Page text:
There are few things that truly scare a 22-year-old. Come this time of the year, interviews are the scariest thing a person can face. Friends are buzzing with talk of jobs and applications for “the real world.” All too soon, graduation creeps up and these interviews start becoming the real deal.
Fortunately, the Lasallian Volunteers application process is unique in every way. As I was applying, I was aware that every step of the application process was special. My friends were saying how stressful it was to go on five job interviews a week, and always hearing the same negative news. I didn’t want to tell my stressed out friends, but I felt through my process of applying to be a Lasallian Volunteer, I was discovering the person I had become throughout college, and I was appreciating the amazing education I had received. The application had me evaluate the importance of everyday things. I was discerning life choices that I had always taken for granted. I slowly started to view the world a little differently.
After pouring endless, wonderful hours into my application, I was feeling very confident about where I stood in terms of where I was mentally and spiritually in my last semester of senior year. Not too long after, I was notified about scheduling an interview as part of the application process. It would be a phone interview with a Lasallian Volunteers alum. For some strange reason I felt completely at ease when I was informed that it would last an hour and a half. After writing my entire application I knew that I would have answers to complicated questions that could come my way.
The day of my interview came and I was so excited. I had written in bright, loud colors in my assignment planner warning me of the time it would be. After my last class, I walked to the library and rented out a quiet study room. I walked three floors up, set up my study room, and took a deep breath. I knew this interview stood between me and a future that I had longed for.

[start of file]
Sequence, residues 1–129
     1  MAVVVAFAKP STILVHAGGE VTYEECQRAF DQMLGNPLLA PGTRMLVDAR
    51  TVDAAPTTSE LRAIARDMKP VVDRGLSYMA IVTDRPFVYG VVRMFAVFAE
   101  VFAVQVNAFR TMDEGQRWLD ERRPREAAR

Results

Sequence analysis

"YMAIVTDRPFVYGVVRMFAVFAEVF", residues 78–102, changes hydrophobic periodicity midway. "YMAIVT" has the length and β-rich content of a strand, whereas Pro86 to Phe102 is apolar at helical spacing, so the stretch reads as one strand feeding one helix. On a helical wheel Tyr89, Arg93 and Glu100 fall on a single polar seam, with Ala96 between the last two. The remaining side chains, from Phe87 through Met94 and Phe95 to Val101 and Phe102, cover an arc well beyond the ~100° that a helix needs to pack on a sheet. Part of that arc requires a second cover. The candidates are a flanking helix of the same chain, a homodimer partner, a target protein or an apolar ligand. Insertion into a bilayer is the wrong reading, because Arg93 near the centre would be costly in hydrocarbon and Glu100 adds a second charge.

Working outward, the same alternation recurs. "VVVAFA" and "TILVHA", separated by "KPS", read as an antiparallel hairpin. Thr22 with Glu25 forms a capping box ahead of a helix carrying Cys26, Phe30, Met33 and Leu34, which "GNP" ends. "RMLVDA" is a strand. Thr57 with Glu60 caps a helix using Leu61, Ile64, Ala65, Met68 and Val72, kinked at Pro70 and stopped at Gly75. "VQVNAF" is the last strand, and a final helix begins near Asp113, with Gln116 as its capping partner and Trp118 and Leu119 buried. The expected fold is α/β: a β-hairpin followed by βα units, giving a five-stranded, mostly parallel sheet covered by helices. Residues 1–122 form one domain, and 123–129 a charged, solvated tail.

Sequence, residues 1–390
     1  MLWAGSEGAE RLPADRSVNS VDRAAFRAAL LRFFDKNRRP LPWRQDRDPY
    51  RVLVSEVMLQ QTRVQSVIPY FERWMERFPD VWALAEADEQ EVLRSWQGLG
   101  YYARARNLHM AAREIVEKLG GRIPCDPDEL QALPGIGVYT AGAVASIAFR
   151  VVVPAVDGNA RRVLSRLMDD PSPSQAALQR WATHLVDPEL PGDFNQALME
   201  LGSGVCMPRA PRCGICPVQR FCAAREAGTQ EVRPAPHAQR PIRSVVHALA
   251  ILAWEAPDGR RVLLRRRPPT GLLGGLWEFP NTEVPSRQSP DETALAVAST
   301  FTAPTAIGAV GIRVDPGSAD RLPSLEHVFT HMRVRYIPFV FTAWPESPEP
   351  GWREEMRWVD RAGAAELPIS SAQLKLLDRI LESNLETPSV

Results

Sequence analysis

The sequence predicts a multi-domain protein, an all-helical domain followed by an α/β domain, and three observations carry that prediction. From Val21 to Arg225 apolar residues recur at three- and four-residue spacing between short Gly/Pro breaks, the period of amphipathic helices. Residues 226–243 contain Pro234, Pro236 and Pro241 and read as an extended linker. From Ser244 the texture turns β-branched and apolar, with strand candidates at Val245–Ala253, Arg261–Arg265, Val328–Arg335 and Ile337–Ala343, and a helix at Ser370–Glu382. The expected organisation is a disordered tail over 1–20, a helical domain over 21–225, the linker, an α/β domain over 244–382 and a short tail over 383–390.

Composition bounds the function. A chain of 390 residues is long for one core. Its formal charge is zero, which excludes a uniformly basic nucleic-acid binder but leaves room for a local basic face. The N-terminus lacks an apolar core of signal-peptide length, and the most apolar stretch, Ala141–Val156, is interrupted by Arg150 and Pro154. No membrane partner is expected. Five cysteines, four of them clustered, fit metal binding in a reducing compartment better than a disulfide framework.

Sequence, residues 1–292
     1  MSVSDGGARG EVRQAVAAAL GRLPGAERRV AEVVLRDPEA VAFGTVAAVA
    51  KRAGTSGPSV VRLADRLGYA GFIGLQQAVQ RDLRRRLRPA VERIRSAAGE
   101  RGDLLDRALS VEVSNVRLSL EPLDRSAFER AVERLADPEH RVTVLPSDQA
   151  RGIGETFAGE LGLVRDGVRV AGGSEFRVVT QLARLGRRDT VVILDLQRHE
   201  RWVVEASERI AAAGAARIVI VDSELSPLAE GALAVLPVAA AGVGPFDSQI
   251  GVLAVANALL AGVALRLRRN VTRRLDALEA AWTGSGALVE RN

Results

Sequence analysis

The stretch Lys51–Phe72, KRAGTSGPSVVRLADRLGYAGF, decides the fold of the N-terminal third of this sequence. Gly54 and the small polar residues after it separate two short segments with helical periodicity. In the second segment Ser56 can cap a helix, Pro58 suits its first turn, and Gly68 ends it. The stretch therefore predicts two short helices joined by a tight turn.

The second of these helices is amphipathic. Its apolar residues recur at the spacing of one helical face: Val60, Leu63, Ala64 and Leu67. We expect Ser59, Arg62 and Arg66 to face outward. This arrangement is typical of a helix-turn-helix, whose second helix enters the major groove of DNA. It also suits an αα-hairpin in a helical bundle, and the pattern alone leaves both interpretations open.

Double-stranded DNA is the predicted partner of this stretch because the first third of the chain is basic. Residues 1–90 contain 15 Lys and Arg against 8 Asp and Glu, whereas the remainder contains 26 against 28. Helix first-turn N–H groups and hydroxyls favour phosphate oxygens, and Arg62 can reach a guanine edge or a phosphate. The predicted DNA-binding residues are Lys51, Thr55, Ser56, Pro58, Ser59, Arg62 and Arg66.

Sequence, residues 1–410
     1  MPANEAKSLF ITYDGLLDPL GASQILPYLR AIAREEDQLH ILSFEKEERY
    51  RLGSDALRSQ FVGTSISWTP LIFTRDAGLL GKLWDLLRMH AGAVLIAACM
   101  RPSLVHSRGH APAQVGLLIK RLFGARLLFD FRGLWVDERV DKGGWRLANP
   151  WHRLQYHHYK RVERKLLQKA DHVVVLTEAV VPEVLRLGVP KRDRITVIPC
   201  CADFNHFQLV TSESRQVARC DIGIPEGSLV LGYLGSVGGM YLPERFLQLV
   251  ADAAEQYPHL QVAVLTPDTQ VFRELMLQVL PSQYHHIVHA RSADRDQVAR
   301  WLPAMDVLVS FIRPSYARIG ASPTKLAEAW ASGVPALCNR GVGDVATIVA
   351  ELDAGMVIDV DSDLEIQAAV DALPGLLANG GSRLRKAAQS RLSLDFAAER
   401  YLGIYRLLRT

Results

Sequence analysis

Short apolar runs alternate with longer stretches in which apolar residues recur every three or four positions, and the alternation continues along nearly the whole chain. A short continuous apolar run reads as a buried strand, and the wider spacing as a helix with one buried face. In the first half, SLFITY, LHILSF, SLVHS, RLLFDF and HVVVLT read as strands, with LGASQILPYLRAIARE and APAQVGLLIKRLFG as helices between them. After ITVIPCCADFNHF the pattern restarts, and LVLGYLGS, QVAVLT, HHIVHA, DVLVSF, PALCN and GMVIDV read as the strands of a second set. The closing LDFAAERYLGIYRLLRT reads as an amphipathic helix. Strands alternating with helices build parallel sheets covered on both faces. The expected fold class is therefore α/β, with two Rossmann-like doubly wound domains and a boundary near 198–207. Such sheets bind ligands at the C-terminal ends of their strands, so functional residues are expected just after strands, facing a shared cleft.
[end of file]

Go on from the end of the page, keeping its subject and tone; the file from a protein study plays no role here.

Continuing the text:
Sitting as comfortably as I could in a college library chair, the phone rang. I answered, my voice shaking, but a friendly voice welcomed me on the other end. My nerves were on overload as he asked me about my day. But as the interview got started and he asked me questions that I could really relate to, I felt much better about the situation. The interview was divided into three different categories: faith, service, and community. Within these categories there were questions that were similar to those of the application. I felt very comfortable answering these questions. The secret to my level of comfort? I talked from my heart. There were times that I was laughing telling a story that related to the question. There were times where I had to ask for a moment to think, and sometimes the silence between us helped me to understand what I needed to say. Overall, I was 100 percent honest with my answers, even if I was afraid of sharing something out loud.
The application process for Lasallian Volunteers was a great transition into the journey I am on now. I had to evaluate my priorities and experiences with faith, service, and community. It helped me to discern my college experience and the choices I wanted to make after graduation. My advice for the interview process is this: Take a deep breath, go to the library, and speak from your heart. Let God help you with your words and get ready for the adventure.
Samantha Hyland is a 1st year LV serving at De Marillac Academy in San Francisco, CA. She is a 2013 graduate of La Salle University in Philadelphia, PA.